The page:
“FPL’s determination to acquire Vero Electric is evidenced by the hundreds of thousands of dollars the company has spent pushing referendums and sponsoring council candidates friendly to its cause. The larger objective, of course, is FPL’s desire to expand its customer base by acquiring additional municipal utilities in Florida. Vero Beach is just the first move in a much broader, state-wide chess game. FPL President and CEO Eric Silagy admitted as much in public statements made at an investor conference in March, 2013.” See: FPL president tells investors Gov. Scott is urging other municipal utilities to sell to FPL (Since 2013, FPL’s rates have risen steadily and significantly. Accounting for a franchise fee, the rate differential between Vero Electric and FPL at 1000 kilowatt hours per month is now less than 10%.)
The law firm of Carlton Fields, engaged by the City three months ago, has yet to submit invoices for work the firm has done and is doing to negotiate a sale of Vero Electric to Florida Power & Light.
Absent invoices and itemized time sheets with which to assess the work of Carlton Fields, Councilman Richard Winger today submitted a public records request seeking those documents. Even though Carlton Fields may be holding back on submitting invoices, surely the firm is keeping detailed records of time spent and work done. Those records will be needed to eventually prepare invoices. In his records request Winger wrote, “Such sheets, (time and billing sheets), should include time billed, or to be billed, and who acted or was “Present” (in person or on the phone) and on what specific day. “Present” means all personnel, whether from the City, Carlton Fields, FMPA, FPL, etc.”
Given Mayor Laura Moss’s secretiveness about discussions she has had with representatives of FPL and with Carlton Fields, it seems likely Moss may have requested Carlton Fields to delay submitting invoices and billing records. Her goal would be to keep from public view as long as possible the nature of the discussions and of the work being done to craft a deal acceptable to FPL, to the Florida Municipal Power Agency and to the Orlando Utilities Commission.
It should be noted that nothing in the City Charter or in City Code gives Moss authority to negotiate on behalf of the City Council. The mayor’s is just one of five votes. By Moss’s own recent admission, the mayor’s role is largely ceremonial. As Moss put it, in a council-manager form of municipal government the mayor is much like that of a figurehead monarch — a “queen,” to use Moss’s exact words. Quite simply, Moss has no legal authority to direct the work of outside attorneys hired to act as agents of the City.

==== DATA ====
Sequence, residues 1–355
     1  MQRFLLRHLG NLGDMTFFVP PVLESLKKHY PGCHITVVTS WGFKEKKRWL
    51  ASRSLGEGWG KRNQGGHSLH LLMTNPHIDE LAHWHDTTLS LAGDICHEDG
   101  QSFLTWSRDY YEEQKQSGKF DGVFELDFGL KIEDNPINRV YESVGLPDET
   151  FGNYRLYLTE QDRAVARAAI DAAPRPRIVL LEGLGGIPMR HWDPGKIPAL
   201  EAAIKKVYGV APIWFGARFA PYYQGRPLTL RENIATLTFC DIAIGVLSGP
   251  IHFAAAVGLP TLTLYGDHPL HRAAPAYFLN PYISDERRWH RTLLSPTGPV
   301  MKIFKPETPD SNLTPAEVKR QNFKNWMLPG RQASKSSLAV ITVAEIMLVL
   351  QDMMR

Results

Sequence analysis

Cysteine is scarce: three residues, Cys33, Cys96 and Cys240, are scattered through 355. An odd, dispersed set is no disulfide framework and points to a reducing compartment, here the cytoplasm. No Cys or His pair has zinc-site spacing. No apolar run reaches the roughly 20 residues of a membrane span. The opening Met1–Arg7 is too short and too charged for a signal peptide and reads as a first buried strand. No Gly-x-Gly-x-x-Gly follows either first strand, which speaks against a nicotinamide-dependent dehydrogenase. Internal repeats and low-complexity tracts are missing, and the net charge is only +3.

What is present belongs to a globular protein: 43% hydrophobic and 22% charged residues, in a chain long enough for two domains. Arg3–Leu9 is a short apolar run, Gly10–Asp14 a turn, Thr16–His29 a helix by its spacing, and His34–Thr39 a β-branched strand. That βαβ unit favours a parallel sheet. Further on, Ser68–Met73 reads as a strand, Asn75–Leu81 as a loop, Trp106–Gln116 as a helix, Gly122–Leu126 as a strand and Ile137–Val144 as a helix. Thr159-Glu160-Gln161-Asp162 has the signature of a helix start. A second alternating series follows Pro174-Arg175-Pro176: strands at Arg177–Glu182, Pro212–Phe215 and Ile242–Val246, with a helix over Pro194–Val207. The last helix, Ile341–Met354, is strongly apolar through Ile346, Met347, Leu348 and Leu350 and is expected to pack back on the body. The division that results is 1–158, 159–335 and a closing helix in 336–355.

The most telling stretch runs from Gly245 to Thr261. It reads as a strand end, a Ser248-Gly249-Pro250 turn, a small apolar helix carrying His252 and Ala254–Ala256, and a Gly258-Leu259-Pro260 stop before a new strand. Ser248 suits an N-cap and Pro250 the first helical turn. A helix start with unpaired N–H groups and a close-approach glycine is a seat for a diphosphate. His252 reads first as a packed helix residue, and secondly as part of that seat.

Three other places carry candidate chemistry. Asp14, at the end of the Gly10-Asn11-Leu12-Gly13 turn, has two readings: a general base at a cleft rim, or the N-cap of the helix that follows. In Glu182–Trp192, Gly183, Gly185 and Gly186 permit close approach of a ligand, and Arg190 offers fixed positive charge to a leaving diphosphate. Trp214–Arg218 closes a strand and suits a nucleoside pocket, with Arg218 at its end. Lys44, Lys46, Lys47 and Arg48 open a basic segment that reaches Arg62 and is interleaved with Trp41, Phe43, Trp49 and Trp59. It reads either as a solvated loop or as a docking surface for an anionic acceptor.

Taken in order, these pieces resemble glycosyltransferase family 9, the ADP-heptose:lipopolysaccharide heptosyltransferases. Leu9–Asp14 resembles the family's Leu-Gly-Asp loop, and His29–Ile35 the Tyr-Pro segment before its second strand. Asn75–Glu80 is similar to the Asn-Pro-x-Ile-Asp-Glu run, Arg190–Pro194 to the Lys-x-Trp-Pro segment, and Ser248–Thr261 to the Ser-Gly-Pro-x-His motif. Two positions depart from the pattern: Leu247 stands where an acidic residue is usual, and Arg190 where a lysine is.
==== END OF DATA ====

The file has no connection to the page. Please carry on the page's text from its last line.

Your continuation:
Even Moss’s fellow Council members are in the dark about the discussion she has had with FPL and with attorneys at Carlton Fields. Without the involvement of other Council members in the discussions, the City is left with Moss as the only elected official negotiating with FPL. Last November, candidate Moss benefited from a $50,000 contribution FPL gave to a political action committee supporting her. Given that Moss is now beholden to FPL, the fact that her discussions with FPL officials have all been held in secret is, or should be a cause for concern, perhaps even a cause for future legal action.
In addition to recently describing herself as the “queen” of Vero Beach, Moss has also taken to crediting herself with progress now apparently being made on the power sale. Most likely, any progress in overcoming Vero Beach’s contractual obligations to the FMPA and its bondholders has nothing to do with Moss and everything to do with pressure leaders in the Florida Legislature put on the agency. Their message to the FMPA was probably something like this: “Do whatever you can to make the sale possible, or we will solve the issue ourselves, and you are not going to like our solution.” As a result, FMPA leaders now seem inclined to swallow a deal that will not be good for its remaining members or bondholders.
FPL’s determination to acquire Vero Electric is evidenced by the hundreds of thousands of dollars the company has spent pushing referendums and sponsoring council candidates friendly to its cause. The larger objective, of course, is FPL’s desire to expand its customer base by acquiring additional municipal utilities in Florida. Vero Beach is just the first move in a much broader, state-wide chess game. FPL President and CEO Eric Silagy admitted as much in public statements made at an investor conference in March, 2013. See: FPL president tells investors Gov. Scott is urging other municipal utilities to sell to FPL
Leaders in the Florida Legislature seem determined to help FPL in its effort to begin acquiring municipal utilities. Given the cooperativeness Florida’s legislative leaders show toward FPL, it is worth noting that the editorial board of the Tampa Bay Times recently referred to the Florida Legislature as “a wholly owned subsidiary of FPL.” To be sure, the $50,000 FPL spent last fall aiding Moss’s election bid is nothing compared to the amount of money the utility giant has spent and continues to spend buying influence among members of the Florida Legislature. Sadly, the Legislature is no longer “the peoples house.” Rather, it is the place where laws are passed and arms twisted to benefit the interests of large corporations like FPL.